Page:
Vanessa Harriman, Ph.D.
Answering key research questions, building partnerships, and translating knowledge into conservation delivery programs.
Vanessa Harriman joined IWWR and the National Boreal Program in 2018. Her research focuses on factors limiting wetland-associated bird populations. Most recently, Vanessa helped develop research to understand drivers of population change in harvested species. Objectives of these studies were to assess efficacy of management “levers” for achieving conservation, measure effects of industrial activities, and evaluate effectiveness of mitigation efforts. In addition to filling key knowledge gaps for DUC, Vanessa will assist the boreal program in growing and adapting conservation programs based on science. During her master’s program Vanessa was a recipient of the Ducks Unlimited Edward D. and Sally M. Futch Fellowship.
- Ph.D., Biology, University of Saskatchewan
- M.Sc., Biology, University of Saskatchewan
- B.Sc., Wildlife, Humboldt State University
Vanessa’s Publications (organized by year)
Harriman V.B., R.D. Dawson, and L.E. Bortolotti, and R.G. Clark. 2017. Seasonal patterns in reproductive success of temperate-breeding birds: experimental tests of the date and quality hypotheses. Ecology and Evolution 7:2122-2132.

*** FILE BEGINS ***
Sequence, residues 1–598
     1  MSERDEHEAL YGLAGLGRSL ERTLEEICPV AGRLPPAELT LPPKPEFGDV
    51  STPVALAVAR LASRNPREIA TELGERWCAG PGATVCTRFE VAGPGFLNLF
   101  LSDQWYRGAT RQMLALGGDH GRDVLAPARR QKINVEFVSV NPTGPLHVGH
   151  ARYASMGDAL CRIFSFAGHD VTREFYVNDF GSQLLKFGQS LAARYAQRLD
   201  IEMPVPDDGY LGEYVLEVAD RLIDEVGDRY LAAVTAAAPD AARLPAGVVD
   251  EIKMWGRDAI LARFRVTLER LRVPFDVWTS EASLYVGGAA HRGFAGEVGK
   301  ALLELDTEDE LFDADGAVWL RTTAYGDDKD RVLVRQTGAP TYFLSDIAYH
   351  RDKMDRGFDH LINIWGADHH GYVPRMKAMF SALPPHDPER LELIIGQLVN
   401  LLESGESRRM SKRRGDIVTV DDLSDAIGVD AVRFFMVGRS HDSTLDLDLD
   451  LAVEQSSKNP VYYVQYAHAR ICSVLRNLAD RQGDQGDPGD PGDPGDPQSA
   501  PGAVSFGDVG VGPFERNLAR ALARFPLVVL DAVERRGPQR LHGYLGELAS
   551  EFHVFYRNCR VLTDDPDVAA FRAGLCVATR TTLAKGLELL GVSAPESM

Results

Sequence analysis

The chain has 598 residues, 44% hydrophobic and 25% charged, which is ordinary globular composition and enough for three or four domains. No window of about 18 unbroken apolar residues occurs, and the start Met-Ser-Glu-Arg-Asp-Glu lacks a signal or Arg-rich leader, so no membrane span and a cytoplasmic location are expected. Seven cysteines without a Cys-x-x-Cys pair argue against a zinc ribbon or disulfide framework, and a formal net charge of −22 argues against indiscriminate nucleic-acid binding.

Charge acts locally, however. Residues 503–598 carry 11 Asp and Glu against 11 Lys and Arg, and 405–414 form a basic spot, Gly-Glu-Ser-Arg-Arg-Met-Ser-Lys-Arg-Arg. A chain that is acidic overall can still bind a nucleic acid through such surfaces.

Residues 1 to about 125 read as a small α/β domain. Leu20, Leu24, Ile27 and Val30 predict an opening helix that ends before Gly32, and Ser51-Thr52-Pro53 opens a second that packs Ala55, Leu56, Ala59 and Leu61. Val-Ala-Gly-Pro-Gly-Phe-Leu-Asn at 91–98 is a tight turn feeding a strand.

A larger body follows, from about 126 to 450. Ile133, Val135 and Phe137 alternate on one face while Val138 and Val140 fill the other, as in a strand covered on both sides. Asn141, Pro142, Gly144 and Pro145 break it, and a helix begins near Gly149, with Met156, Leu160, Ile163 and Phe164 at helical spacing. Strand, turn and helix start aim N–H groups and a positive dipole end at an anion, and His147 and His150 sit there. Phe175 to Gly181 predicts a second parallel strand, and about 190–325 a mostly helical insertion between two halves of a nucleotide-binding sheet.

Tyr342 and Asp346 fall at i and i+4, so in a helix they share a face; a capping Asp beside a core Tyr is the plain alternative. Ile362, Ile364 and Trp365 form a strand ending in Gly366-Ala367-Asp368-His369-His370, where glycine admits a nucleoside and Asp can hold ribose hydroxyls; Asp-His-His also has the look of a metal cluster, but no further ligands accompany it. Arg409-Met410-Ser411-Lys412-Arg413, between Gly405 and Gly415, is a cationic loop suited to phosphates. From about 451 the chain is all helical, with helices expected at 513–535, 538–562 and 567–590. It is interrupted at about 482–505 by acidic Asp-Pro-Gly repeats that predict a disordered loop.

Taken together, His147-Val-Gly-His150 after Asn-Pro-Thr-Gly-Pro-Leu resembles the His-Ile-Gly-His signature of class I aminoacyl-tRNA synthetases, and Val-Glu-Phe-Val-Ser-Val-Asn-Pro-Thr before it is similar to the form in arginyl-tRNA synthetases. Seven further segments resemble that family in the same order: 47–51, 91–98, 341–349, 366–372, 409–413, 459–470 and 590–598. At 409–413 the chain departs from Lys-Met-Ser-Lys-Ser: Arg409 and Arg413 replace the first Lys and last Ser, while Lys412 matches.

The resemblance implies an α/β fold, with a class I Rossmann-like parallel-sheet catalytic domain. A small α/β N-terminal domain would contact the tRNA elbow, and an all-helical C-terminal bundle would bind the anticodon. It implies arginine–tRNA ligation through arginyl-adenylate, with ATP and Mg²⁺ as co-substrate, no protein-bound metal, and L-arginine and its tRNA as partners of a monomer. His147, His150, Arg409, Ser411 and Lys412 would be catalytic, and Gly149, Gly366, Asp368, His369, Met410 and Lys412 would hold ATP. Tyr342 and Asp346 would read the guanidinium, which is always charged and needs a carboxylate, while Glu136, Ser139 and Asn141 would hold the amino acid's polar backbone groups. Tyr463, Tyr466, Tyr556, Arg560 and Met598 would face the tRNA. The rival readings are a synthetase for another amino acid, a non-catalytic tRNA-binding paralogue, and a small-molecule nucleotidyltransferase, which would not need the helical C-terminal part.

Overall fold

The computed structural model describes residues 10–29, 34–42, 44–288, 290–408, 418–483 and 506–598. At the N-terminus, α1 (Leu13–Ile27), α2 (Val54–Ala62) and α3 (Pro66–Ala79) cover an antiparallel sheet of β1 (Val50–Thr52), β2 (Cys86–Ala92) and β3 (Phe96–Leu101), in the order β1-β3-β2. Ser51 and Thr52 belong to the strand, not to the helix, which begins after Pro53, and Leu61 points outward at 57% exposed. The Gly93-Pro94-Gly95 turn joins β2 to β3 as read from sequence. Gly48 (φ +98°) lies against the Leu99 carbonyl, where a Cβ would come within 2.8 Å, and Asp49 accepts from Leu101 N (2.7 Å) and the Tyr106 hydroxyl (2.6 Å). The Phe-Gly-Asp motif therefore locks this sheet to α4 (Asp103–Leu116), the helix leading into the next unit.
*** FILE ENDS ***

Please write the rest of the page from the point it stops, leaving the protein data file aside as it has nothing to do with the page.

Harriman V.B., R.D. Dawson, R.G. Clark, G.D. Fairhurst, and G.R. Bortolotti. 2014. Effects of ectoparasites on seasonal variation in quality of nestling tree swallows (Tachycineta bicolor). Canadian Journal of Zoology 92:87-96.
Bortolotti L.E., V.B. Harriman, R.G. Clark, and R.D. Dawson. 2011. Can changes in provisioning by parent birds account for seasonally declining patterns of offspring recruitment? Canadian Journal of Zoology 89:921-928.
Harriman V.B., T.D. Galloway, R.T. Alisauskas and G.A. Wobeser. 2011. Description of the larva of Ceratophyllus vagabundus vagabundus (Siphonaptera: Ceratophyllidae) from nests of Ross’s and lesser snow geese in Nunavut, Canada. Journal of Parasitology 97:218-220.
Harriman V.B., and R.T. Alisauskas. 2010. Of fleas and geese: the impact of an increasing nest ectoparasite on reproductive success. Journal of Avian Biology 41:573-579.
Harriman V.B., R.T. Alisauskas, and G.A. Wobeser. 2008. The case of the blood-covered egg: ectoparasite abundance in an arctic goose colony. Canadian Journal of Zoology 86:959-965.
Harriman V.B., J.A. Pitt, and S. Larivière. 2007. Do repugnant scents increase survival of ground nests? A test with artificial and natural duck nests. Canadian Field Naturalist 121:150-154.